Overview: Telecommuting (also called flexiplace, telework, working from home and flexible working) aids in retaining employees and engenders positive employee relations. Employers may offer telecommuting as a reasonable accommodation to employees with disabilities. In addition, telecommuting can be a valuable tool in retaining workers with caregiving responsibilities.
Telecommuting options allow employers to ensure business continuity when faced with a natural disaster or other business interruptions. In addition, telecommuting can be viewed as a valuable recruitment tool for hard-to-fill positions.
However, telecommuting can pose management challenges for supervisors seeking to comply with health and safety regulations in remote locations. In addition, fines and penalties await an employer that misclassifies a telecommuter or that fails to accurately record and pay any hours worked.
Trends: Telecommuting agreements continue to evolve. Employers should ensure their internal telecommuting policies and procedures offer optimal protections against regulatory hurdles, while promoting compliance with work rules regarding time theft and other abuses.
Author: Marta Moakley, JD, Legal Editor
Ogletree Deakins employment attorney Kathy Dudley Helms and veteran HR leader Lin Hearne share key insights on changing policies as a practical matter during the COVID-19 crisis.
An employer may use this survey form to gather feedback from employees on their experience working remotely. Data collected can be used to gauge the success of remote work arrangements and to gain insights into how the remote work experience may be improved.
An employer may use this survey to gather feedback on workplace safety from employees who have returned to the workplace during the COVID-19 pandemic. Survey data will help HR determine if additional safety measures, training or communication is needed to ensure employees feel safe at work.
An employer may use this survey form to collect input from employees during the development and implementation of return-to-work plans after a COVID-19-related shutdown or temporary remote work assignment. The information collected will help HR identify and address employee concerns and incorporate this feedback into return-to-work policies and procedures.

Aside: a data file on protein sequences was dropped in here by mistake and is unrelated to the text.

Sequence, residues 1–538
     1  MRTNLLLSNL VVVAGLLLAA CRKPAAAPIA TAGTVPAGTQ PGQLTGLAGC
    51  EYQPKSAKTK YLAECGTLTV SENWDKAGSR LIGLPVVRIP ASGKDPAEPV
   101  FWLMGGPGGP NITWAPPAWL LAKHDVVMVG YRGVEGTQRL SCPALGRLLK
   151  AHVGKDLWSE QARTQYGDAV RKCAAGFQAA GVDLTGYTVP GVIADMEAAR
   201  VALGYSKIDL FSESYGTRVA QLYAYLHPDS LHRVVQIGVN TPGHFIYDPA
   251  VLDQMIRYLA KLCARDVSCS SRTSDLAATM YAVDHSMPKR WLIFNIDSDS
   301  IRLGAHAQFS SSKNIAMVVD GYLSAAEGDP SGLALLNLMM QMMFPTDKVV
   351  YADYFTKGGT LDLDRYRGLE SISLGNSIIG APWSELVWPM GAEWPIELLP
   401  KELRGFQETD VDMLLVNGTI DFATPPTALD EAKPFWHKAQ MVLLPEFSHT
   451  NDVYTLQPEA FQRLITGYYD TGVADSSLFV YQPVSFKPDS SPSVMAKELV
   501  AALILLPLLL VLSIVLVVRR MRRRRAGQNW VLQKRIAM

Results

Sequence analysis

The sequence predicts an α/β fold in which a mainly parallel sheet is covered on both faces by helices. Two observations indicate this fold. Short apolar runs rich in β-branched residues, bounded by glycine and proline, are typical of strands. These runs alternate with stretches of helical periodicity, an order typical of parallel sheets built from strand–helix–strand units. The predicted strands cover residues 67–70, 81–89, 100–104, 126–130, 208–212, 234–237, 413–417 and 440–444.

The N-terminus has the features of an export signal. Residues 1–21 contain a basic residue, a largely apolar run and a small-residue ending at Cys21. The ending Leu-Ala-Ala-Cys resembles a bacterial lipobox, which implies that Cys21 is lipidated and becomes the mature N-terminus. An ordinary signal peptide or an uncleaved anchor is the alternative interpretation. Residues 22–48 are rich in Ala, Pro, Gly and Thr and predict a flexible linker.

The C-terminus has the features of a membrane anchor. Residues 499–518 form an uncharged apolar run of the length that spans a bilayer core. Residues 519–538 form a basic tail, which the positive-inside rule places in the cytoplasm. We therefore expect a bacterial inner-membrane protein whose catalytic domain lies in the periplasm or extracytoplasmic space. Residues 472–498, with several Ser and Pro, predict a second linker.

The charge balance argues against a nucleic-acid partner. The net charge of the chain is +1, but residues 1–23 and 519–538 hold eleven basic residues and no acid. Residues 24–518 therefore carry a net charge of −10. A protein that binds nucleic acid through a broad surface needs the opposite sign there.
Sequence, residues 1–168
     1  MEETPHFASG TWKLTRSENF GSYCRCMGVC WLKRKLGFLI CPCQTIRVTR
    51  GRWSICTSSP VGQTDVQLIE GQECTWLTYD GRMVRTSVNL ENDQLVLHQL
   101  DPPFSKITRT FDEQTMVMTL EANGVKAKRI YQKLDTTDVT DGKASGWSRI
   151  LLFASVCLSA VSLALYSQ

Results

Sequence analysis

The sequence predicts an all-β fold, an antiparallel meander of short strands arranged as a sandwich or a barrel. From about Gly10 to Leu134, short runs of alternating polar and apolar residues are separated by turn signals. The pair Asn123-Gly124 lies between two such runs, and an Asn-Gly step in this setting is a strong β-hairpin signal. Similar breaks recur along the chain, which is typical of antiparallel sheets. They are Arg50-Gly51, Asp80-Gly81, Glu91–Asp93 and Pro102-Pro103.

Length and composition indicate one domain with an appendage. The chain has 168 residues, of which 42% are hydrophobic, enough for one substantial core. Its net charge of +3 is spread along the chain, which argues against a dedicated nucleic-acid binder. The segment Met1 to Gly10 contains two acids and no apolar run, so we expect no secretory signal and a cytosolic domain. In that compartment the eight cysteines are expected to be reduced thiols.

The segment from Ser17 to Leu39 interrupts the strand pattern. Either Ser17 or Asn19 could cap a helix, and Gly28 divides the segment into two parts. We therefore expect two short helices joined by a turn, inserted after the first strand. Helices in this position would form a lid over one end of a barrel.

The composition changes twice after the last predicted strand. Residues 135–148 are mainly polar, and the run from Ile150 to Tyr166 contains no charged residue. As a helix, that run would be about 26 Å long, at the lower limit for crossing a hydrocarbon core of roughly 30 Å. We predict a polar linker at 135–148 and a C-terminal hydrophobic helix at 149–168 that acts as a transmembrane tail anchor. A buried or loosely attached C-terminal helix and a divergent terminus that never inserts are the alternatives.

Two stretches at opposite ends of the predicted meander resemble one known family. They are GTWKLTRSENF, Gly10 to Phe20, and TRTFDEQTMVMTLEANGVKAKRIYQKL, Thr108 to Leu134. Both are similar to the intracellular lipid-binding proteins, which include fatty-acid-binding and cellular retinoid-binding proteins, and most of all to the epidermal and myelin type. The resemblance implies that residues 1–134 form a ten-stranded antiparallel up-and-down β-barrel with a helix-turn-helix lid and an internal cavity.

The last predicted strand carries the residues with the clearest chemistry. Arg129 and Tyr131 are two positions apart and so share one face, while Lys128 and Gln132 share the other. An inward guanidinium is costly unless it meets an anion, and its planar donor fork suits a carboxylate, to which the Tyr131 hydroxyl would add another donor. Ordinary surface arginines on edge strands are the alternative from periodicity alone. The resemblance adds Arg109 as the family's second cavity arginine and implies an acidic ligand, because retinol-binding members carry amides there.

Enhanced with information on business expense reimbursement requirements in Massachusetts; New Jersey; North Dakota; South Dakota; and Seattle, Washington.
A recent survey by Littler reveals that a large majority of employers anticipate reopening their businesses in the next three months. At the same time, these employers are proceeding cautiously and taking numerous steps to maintain employees' safety.
This letter may be used to to communicate the employer's decision to deny an employee's request to work from home and to document the decision.
This form may be used to communicate an employer's decision to approve an employee's request to work from home and to document the decision.
An employer may use this form to gather the information needed to make a determination on an employee's request for a work-from-home arrangement and to document the decision.
This podcast examines the fundamental changes that will occur when employees return to physical worksites. It features a conversation with Kate Lister, the president of Global Workplace Analytics.
HR guidance on the legal risks and benefits of telecommuting.